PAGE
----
One of the most important things in taking a photo is the composition. Composition is simply put, how the elements of a photo are arranged. There are many rules about composition in photography and as with all rules, they are made to know, and break carefully and purposefully. In this blog I will tell you about rules I have known and used for some time, as well as some rules I have learned about and will definitely try to keep in mind when taking future photos.
In my humble opinion, symmetry is one of the most satisfying things to look at. Just a clean image with symmetrical elements can be amazing. To up your photography game, take a moment when shooting to see if you can change your angle so that the framing of your image is symmetrical.
2. Leading lines
Leading lines are lines that lead towards your subject. Drawing attention to it. Leading lines can be just about anything: a row of trees, rails, sidewalk or people. When taking photos try to find some leading lines and place your subject in the center of them.
3. Rule of thirds
The rule of thirds is one of the most basic rules of composition. It is included in most phone cameras nowadays and in some professional cameras too. The idea is to place the elements of your photo on one third of your image. Elements include the horizon and your subject.
This tool for composition completely blew my mind when I found out about in a few years ago. It is about framing you subject using elements that are in front of your subject.
5. Negative space
Sometimes less is more, that is what this rule of composition embodies. I feel that photos are often too cluttered and some empty or negative space would help it. I see this as a first step towards taking minimalistic photos, but also use it to make my photos more calming to look at.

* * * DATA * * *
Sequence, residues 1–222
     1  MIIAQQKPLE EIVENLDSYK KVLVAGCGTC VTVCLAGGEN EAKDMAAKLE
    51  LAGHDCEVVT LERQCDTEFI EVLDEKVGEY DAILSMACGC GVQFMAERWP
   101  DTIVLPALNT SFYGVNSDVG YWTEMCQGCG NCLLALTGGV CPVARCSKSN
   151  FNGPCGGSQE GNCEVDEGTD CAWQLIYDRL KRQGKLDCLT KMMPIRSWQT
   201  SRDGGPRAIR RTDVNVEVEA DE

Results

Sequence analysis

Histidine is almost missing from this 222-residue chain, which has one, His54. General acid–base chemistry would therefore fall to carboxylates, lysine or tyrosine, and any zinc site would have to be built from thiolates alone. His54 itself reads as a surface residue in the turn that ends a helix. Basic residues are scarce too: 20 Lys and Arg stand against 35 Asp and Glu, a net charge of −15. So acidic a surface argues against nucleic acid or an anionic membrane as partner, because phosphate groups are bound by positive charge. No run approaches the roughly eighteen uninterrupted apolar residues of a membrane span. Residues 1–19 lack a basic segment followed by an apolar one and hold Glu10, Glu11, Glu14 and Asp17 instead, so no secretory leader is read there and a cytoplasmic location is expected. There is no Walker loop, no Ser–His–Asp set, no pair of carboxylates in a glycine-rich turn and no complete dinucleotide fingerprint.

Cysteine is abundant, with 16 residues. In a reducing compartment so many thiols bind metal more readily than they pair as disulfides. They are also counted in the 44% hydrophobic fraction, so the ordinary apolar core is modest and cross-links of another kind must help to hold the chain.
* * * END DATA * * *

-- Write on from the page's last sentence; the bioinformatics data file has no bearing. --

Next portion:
Perspective is not really a rule, but I put it in this list to remind you and myself to change it up every once in a while. Try switching it up, shoot from lower or higher, more to the left or to the right. Maybe take a step back or forward. Just try something else and see if it works better than your original idea.
7. Patterns and repetition
Another way to draw attention to your subject is to find a pattern or something repetitive and have your subject interrupt it.
8. Rule of odds
This is one of the rules I heard about, but never researched or used. Apparently, it is more pleasing to look at a photo in which there is an odd number of subjects rather than an even number of subjects.
9. Break the rules
Once you know how you can use these rules, you also know how to break them. I fully encourage you to do so, as it will allow you to create your own style of photography. I know my compositional rules, but I have broken them as well.